208 Delancey Street Readies for Occupancy in Lower East Side, Manhattan

208 Delancey Street. Photo by Michael Young

New Empire Corp. will soon welcome new residents to its latest condominium development at 208 Delancey Street on Manhattan’s Lower East Side. Designed by ODA Architecture, the 12-story building contains 85 units in studio to three-bedroom layouts.

The building’s most premium residences feature expansive private terrace space atop the sixth-story setback.

Amenities include a communal landscaped courtyard and lounge area, an indoor lounge, a fitness center, bike storage, pet grooming stations, and a second communal outdoor space on the roof with barbecue grills, dining area, and a fireplace. Residents will also have access to dedicated parking and storage for an additional fee.

208 Delancey Street. Photo by Michael Young

208 Delancey Street. Photo by Michael Young

208 Delancey Street. Photo by Michael Young

“This is an important construction milestone achievement as we look to wrap up development at 208 Delancey, and we are delighted to see this level of sales activity before the property’s grand opening,” said Bentley Zhao, New Empire Corp.’s chairman and chief executive officer. “When selecting the site and carefully crafting each design element, our team kept in mind the desires of prospective tenants including spacious open floor plans, and high-quality indoor-outdoor living spaces at an optimal price point.”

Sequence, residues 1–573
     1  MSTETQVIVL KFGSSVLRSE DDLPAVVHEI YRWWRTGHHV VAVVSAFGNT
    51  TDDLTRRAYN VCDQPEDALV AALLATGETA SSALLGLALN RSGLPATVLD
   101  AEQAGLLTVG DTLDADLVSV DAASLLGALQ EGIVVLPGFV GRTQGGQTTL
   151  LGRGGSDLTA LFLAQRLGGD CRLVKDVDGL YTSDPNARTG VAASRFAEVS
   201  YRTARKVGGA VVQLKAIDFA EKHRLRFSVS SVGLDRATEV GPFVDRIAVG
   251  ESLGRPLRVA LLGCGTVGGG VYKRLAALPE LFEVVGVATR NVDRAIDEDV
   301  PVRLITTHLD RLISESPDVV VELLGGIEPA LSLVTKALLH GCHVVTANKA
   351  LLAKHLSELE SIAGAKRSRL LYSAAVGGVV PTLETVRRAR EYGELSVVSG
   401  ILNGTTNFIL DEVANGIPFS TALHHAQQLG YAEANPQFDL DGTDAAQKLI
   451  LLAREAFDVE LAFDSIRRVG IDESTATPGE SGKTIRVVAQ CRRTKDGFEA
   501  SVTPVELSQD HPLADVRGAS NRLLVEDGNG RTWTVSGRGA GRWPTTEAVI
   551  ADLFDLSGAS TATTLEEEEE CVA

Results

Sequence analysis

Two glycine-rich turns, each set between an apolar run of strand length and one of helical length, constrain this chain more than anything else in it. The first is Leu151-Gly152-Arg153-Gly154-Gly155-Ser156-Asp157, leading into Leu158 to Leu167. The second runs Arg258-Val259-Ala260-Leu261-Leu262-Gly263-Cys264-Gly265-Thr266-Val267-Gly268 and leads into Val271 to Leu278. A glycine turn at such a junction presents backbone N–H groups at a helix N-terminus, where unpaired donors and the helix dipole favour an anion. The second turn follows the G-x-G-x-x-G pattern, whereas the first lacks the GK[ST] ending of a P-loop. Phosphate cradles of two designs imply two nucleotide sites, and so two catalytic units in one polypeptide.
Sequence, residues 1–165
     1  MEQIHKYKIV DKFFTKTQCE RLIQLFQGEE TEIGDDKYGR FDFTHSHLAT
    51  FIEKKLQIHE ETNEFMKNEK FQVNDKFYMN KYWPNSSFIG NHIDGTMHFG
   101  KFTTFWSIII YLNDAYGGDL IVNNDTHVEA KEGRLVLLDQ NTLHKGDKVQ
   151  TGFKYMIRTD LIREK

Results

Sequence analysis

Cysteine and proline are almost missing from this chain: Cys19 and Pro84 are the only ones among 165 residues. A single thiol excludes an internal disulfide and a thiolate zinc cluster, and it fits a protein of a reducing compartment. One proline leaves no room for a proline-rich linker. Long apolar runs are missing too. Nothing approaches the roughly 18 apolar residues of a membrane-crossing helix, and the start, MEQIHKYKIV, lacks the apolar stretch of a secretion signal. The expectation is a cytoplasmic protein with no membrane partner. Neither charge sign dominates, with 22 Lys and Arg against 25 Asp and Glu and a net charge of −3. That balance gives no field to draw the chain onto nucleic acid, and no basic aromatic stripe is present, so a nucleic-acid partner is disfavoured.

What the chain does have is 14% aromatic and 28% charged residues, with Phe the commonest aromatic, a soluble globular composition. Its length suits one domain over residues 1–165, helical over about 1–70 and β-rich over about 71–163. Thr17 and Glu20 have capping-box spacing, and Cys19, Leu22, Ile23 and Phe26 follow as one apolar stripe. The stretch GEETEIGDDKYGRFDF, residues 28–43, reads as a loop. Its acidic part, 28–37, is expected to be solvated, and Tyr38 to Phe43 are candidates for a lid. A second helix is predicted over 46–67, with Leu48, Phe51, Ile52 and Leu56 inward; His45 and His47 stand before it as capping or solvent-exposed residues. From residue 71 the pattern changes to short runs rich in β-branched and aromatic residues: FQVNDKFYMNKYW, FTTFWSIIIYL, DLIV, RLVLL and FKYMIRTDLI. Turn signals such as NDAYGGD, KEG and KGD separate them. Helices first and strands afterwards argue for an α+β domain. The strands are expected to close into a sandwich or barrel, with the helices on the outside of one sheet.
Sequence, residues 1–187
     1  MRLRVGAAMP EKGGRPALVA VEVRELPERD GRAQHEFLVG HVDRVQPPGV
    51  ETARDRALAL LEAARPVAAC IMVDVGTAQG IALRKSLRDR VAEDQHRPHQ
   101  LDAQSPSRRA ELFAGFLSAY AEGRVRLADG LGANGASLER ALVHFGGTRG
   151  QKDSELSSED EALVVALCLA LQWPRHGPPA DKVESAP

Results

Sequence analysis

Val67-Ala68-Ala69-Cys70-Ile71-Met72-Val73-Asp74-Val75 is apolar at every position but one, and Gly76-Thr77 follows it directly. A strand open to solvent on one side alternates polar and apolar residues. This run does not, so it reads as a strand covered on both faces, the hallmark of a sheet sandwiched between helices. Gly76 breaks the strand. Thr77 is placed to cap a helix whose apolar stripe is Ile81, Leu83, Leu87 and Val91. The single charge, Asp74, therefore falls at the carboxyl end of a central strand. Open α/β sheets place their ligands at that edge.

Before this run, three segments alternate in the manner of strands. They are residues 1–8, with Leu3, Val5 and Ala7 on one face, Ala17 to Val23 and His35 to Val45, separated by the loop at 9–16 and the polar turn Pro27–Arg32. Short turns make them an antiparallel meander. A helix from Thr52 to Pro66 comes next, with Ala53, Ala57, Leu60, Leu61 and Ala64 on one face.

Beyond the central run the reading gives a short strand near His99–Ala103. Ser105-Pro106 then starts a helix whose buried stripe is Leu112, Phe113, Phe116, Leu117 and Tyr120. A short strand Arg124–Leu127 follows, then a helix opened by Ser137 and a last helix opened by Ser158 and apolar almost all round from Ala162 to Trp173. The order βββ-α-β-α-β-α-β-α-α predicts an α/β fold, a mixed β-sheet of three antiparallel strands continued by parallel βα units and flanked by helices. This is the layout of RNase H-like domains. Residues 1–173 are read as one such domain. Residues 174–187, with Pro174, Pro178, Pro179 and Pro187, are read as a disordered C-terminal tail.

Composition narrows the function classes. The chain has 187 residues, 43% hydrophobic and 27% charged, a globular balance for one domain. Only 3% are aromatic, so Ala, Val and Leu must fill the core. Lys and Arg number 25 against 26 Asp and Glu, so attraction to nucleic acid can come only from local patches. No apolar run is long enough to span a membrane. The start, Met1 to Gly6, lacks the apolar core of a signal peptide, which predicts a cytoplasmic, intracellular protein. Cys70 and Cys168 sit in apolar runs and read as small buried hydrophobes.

Compass has served as the building’s exclusive sales and marketing agent. As of today, their team has achieved a 90 percent sales milestone for 208 Delancey Street.

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5 Comments on "208 Delancey Street Readies for Occupancy in Lower East Side, Manhattan"

  1. I love this building but it does look like to me they miscalculated the radii of those curved balcony cap pieces. The go from what looks like a larger overhang to barely anything on the curve. It’s noticeable and unlikely to be intentional – at least it’s hard to understand why anyone would do it like that.

    Hopefully whatever eventually replaces that one-story neighbor with the garage door is complimentary.

  2. Looks very 1960’s.

  3. David of Flushing | August 28, 2023 at 11:21 am | Reply

    I see the ghost of Art Moderne here, but the upper floors seem to overwhelm the ground floor. Something bolder could have been used there.

  4. David in Bushwick | August 28, 2023 at 1:20 pm | Reply

    Oh, I wanted to love this, but the second photo shows the upper balconies just overwhelm the design. Also, what’s with the balcony goofy panel seams?
    The main idea was solid, the execution was the failure.

  5. David of Flushing | August 28, 2023 at 7:16 pm | Reply

    Brick expands and contracts. Without a joint, you can end up with stairstep cracks in the facade.

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